As I mentioned last week, we were off to Tucson for funeral. We went to show our respect and mark the passing of a man important to Greg and our family. Mike Enis was somehow related to Greg and his dad, although we couldn’t really tell you how. More importantly, Mike Enis was kind and welcoming and had terrific stories. He was also a wonderful father, grandfather and great-grandfather, a political activist, and a cultural historian and language teacher for the Tohono O’odham people. Mike also helped create a contemporary type of music particular to the southern Arizona desert, Chicken Scratch. It was an honor to have known Mike Enis.
While in Tucson, we visited family, including our niece, Diana, who just started college at the University of Arizona. We were glad to get to see her sooner than expected, even if it did involve getting up at 4 a.m.!
We also enjoyed some Indian Fry Bread (some of the best we’ve ever had), at “Indian Fry Bread Manna From Heaven” on St. Mary’s Road in Tucson.
A trip to the Desert Museum in Tucson was inspiring both in terms of its beauty
and also for this tree, which gave me some new artist book structure ideas. Can’t you just see this as a central binding structure with leaves/pages/books?
And two more pieces of inspiration, the first, a statement by a young artist on the Tohono O’odham reservation about why he uses graffiti art. “Graffiti Art is not bad it is art. Graffiti Art is not tagging. Tagging is not art. Graffiti Art is a way for the next generation of our kids to carry on what makes us a tribe, what makes us “us.””
And the second, a mosaic, in the Tucson airport. Dora, this made me think of you!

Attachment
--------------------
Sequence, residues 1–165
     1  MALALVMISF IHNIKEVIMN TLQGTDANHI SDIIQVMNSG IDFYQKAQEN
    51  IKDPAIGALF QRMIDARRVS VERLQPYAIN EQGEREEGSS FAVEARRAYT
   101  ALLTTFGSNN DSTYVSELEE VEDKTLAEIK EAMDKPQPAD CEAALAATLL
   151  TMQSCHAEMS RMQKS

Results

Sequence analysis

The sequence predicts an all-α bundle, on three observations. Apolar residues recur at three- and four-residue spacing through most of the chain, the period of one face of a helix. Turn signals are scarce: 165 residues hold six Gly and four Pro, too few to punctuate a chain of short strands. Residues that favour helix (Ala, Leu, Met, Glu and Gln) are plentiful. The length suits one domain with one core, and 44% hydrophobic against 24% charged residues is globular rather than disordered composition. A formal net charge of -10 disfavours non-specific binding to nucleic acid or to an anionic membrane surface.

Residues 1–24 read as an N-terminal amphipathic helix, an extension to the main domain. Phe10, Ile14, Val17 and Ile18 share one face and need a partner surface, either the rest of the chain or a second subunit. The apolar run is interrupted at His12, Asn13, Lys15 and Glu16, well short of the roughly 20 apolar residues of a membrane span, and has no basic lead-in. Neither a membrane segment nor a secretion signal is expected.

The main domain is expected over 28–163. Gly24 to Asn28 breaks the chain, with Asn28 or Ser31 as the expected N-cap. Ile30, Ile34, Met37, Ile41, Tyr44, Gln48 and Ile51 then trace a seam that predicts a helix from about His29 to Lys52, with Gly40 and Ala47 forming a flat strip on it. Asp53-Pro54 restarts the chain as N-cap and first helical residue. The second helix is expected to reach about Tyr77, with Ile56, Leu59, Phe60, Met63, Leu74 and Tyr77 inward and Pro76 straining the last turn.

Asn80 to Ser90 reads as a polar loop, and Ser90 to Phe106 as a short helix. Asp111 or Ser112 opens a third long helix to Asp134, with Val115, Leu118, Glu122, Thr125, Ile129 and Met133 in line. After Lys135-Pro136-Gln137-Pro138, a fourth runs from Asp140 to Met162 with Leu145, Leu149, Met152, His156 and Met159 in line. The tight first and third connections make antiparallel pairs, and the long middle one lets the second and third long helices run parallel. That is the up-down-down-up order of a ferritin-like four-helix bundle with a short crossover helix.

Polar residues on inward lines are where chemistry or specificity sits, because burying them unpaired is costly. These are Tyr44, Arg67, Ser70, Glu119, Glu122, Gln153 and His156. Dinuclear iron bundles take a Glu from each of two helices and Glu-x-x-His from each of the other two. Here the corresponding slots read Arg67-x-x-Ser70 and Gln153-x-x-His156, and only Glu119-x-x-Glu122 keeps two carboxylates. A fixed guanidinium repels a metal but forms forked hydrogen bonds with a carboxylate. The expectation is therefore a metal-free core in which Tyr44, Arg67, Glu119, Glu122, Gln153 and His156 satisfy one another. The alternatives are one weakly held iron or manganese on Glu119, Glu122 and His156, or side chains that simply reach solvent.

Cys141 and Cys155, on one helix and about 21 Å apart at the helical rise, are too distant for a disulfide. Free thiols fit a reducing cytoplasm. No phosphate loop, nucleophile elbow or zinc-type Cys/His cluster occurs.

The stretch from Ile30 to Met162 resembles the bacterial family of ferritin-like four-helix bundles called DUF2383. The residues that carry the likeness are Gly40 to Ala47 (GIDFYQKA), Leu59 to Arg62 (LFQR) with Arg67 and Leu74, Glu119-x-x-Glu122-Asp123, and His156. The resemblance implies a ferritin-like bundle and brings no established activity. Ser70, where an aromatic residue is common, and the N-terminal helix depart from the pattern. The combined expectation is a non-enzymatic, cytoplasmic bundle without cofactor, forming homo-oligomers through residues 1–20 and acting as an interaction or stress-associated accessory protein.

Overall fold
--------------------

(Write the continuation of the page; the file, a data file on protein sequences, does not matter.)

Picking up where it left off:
And we’re off to the airport again for a trip to Virginia, this time for a wedding.
In the meantime, I decided that habits are useless without a usable work space. I’m terribly embarrassed to admit it, but this is what my studio looked like as of last Sunday.
It is an archaeological dig/representation of the projects, classes, and ideas of the last year. In between caring for Marisol and keeping our day-to-day lives running, I met deadlines and got projects done, got organized for classes, and more on a just-in-time basis.
I am a packrat, I love keeping things “just in case,” and I have never met a scrap of paper I don’t love and need to keep. But enough is enough. I’ve filled bags full of things to donate and I’m being rather harsh about what has to go. I can’t create good working habits if I don’t have room to work. So this week is step 1. Clean out.
I’m still reading the organizing/habits book. It will go with me on the next airplane ride. And next week, I’ll show you the “after” photos of the studio and share about our trip to Virginia.
Hey look. Three blog posts in a row. This is starting to look a bit like a habit!
Are you a packrat? What determines whether or not something is valuable enough to take up space in your studio? Comments are welcome!